Pakistan's Supreme Court was set to announce a new judgement on Friday that could topple Prime Minister Nawaz Sharif who is embroiled in a long-running corruption case that has gripped the country.
Around 3,000 police and paramilitary forces were to be deployed around the court in Islamabad ahead of the ruling, due to be announced Friday morning, a police spokesman said.
The court had in April declared there was "insufficient evidence" to oust Sharif over the graft allegations engulfing his family, and ordered an investigation team to probe the matter.
The team of civilian and military investigators found there was a "significant disparity" between the Sharif family's income and lifestyle in its report submitted to the court earlier this month.
TRT World's Nafisa Latic has more details.
Sharifs reject claims
The Sharifs and their allies have consistently and noisily rejected the claims, with his ruling PML-N party this month dismissing the investigation team's report as "trash."
Analysts were divided on what the court might do, though Michael Kugelman of the Woodrow Wilson Institute in Washington noted there was a "pretty strong precedent of the Pakistani judiciary being very active and essentially sending elected officials packing."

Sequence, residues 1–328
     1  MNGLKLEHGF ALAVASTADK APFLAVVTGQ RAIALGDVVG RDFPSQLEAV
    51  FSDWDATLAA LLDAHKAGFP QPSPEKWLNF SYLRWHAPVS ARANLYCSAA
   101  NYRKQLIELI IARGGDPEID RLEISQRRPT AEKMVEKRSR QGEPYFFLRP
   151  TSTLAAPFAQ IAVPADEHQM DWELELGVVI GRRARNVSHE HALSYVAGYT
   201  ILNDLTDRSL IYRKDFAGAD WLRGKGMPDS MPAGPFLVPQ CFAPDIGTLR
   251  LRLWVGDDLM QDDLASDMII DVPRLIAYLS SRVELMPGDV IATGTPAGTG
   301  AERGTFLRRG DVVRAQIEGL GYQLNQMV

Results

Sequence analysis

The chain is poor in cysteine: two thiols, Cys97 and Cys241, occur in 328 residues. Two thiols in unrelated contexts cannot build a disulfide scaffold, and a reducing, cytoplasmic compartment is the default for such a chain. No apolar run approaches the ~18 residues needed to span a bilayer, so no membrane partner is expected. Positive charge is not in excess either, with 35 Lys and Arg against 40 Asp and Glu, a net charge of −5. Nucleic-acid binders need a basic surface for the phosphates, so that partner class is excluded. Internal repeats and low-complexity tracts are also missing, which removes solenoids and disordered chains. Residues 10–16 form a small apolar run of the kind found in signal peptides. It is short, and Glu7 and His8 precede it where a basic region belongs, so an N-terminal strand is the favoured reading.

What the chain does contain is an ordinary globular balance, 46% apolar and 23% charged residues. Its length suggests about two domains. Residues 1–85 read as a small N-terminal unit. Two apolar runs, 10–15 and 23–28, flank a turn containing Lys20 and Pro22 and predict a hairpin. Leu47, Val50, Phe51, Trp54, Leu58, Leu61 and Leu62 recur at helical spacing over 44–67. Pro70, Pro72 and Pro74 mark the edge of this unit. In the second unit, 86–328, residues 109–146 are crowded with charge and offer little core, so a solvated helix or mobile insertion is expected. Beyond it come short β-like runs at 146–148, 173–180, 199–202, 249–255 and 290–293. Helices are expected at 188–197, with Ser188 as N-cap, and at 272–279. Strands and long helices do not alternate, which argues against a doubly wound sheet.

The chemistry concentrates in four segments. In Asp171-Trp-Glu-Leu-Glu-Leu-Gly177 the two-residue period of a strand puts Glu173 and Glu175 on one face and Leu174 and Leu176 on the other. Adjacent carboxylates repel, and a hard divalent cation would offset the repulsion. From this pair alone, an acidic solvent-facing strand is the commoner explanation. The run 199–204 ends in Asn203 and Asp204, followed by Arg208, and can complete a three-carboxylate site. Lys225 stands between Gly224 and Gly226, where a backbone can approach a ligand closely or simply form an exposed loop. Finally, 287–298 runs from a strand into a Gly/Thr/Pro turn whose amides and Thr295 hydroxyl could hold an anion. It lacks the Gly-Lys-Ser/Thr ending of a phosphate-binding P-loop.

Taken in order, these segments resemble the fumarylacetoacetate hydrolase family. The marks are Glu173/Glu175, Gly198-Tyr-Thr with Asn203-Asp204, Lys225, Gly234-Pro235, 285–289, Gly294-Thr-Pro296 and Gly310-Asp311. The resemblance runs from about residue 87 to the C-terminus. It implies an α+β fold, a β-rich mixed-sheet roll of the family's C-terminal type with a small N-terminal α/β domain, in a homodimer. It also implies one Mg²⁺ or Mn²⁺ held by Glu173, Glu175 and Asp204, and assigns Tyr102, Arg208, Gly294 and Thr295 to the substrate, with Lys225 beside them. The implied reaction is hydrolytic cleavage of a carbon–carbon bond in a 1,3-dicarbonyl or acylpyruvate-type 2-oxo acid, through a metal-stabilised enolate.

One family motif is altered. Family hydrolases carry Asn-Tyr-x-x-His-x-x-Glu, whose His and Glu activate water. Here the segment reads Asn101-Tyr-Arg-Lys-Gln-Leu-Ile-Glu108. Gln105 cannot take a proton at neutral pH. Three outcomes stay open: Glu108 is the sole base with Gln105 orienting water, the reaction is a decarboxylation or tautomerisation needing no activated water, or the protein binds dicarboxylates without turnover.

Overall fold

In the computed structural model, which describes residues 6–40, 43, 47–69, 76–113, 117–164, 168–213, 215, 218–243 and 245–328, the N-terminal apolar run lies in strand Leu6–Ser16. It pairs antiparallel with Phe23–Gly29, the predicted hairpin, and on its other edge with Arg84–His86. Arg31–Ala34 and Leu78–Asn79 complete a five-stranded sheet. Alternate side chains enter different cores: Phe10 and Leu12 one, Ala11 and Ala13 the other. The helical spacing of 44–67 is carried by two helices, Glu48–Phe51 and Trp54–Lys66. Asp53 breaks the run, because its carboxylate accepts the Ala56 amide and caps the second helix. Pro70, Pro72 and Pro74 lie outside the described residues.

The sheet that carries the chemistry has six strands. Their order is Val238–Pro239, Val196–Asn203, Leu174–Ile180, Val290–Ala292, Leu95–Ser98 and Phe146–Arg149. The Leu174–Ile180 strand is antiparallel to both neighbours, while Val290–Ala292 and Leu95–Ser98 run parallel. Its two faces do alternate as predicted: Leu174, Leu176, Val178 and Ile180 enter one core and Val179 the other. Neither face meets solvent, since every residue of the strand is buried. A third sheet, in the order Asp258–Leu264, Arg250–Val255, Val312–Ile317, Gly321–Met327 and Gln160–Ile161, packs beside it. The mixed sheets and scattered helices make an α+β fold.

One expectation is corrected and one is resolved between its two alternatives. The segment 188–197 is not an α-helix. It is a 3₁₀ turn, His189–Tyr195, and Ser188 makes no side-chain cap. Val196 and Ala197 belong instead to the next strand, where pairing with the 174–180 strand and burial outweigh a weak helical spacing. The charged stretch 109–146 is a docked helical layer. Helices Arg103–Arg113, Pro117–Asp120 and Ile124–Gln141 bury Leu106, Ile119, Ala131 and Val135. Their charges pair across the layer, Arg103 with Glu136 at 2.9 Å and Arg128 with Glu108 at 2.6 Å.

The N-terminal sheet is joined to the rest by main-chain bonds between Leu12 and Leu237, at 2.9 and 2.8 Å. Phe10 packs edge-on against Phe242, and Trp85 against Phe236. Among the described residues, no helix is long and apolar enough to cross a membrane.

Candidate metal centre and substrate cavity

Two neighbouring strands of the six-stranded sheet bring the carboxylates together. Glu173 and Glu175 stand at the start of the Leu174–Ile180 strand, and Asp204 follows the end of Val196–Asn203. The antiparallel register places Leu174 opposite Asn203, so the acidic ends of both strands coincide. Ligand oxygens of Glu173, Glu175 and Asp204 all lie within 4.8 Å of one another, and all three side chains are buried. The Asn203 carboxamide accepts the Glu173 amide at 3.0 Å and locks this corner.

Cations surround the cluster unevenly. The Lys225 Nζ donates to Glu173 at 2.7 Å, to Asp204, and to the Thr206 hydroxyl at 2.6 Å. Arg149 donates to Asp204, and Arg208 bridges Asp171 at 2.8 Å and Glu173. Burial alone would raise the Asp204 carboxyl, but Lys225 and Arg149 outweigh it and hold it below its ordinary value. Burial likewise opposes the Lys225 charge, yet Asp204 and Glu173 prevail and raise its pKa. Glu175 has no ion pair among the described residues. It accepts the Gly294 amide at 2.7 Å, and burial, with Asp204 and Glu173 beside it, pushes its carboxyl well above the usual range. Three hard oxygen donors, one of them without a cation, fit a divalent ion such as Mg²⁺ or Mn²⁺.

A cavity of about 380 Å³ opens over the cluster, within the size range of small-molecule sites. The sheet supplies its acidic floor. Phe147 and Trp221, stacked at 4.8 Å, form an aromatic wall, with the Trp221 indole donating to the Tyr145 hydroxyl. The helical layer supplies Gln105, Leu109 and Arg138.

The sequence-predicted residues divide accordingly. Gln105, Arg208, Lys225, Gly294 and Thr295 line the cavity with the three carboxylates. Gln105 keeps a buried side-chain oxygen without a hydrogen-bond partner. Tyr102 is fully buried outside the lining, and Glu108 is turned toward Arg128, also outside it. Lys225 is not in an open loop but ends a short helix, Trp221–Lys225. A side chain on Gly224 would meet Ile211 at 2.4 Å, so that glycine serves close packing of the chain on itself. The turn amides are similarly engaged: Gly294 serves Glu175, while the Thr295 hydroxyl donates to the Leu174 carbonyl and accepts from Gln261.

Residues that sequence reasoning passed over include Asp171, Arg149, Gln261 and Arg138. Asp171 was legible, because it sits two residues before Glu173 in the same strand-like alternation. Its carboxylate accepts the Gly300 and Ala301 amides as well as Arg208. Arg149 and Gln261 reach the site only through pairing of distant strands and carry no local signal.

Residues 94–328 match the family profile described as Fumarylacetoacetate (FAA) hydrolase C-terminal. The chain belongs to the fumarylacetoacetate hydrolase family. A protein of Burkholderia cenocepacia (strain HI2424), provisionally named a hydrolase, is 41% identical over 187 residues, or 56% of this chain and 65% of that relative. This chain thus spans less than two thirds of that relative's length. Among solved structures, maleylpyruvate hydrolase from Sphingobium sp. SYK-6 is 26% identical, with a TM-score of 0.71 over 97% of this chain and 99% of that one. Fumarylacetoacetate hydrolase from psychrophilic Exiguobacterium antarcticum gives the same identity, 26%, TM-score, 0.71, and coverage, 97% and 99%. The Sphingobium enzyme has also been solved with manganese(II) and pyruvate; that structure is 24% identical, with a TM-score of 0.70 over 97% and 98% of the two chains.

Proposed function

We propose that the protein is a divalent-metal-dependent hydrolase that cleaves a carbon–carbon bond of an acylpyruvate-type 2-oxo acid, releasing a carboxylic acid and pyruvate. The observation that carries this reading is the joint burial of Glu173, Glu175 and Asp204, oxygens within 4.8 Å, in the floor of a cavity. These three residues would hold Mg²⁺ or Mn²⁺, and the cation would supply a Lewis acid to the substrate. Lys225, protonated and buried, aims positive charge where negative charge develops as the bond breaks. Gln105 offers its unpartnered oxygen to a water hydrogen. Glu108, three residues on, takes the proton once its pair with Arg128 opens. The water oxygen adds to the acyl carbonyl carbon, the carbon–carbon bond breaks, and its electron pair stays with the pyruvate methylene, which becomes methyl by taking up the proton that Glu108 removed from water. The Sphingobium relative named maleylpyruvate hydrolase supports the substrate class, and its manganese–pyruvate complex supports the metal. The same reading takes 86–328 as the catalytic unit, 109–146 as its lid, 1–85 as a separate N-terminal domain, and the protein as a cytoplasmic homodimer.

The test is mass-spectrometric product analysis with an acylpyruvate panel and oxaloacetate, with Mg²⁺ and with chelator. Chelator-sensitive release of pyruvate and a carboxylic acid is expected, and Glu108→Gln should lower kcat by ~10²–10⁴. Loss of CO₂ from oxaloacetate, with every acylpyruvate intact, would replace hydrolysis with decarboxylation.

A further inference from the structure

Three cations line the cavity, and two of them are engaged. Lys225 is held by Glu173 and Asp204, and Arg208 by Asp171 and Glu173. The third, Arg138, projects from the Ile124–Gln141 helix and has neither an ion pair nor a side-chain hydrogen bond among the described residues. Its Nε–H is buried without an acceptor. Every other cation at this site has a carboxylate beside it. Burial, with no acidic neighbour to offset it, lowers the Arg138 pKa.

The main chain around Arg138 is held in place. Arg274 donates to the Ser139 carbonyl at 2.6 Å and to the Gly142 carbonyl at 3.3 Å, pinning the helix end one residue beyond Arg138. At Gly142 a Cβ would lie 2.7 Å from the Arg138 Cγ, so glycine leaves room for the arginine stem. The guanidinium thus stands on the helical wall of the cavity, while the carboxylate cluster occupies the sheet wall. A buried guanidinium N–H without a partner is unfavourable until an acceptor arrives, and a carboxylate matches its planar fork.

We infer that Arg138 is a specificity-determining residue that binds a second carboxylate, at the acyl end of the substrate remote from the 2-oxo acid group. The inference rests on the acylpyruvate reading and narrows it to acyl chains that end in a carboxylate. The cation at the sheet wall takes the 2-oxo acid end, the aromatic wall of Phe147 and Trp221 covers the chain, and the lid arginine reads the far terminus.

However, he added, the case has been "more about his family" than Sharif himself. "You have to acknowledge the fact that Nawaz Sharif himself is not really being accused of anything that is against the law."
The controversy erupted last year with the publication of 11.5 million secret documents from Panamanian law firm Mossack Fonseca documenting the offshore dealings of many of the world's rich and powerful.
Three of Sharif's four children — Maryam, his presumptive political heir, and his sons Hasan and Hussein — were implicated in the papers.
At the heart of the case is the legitimacy of the funds used by the Sharif family to purchase several high-end London properties via offshore companies.
The PML-N insists the wealth was acquired legally, through Sharif family businesses in Pakistan and the Gulf.
The push against Sharif has been spearheaded by cricketer-turned-politician Imran Khan and his Pakistan Tehreek-e-Insaf party, who said Sharif has lost "moral authority."
Bribery and other forms of graft are endemic in Pakistan, with the country coming in 116th place out of 176 countries ranked according to corruption by Transparency International in 2017.
Sharif has been ousted by graft allegations once before, during the first of his three terms as prime minister in 1993.
He has not yet completed a term as prime minister, having been toppled in his second term by a military coup in 1999.
The allegations are a blow to his credibility ahead of general elections due to be held by next year, and as the civilian government appears to have reached an uneasy detente with the military, which has ruled Pakistan for half of its existence.
His party currently has no clear successor in place. Daughter Maryam does not hold public office, while his brother Shahbaz Sharif, the current chief minister of Punjab province, holds only a provincial seat.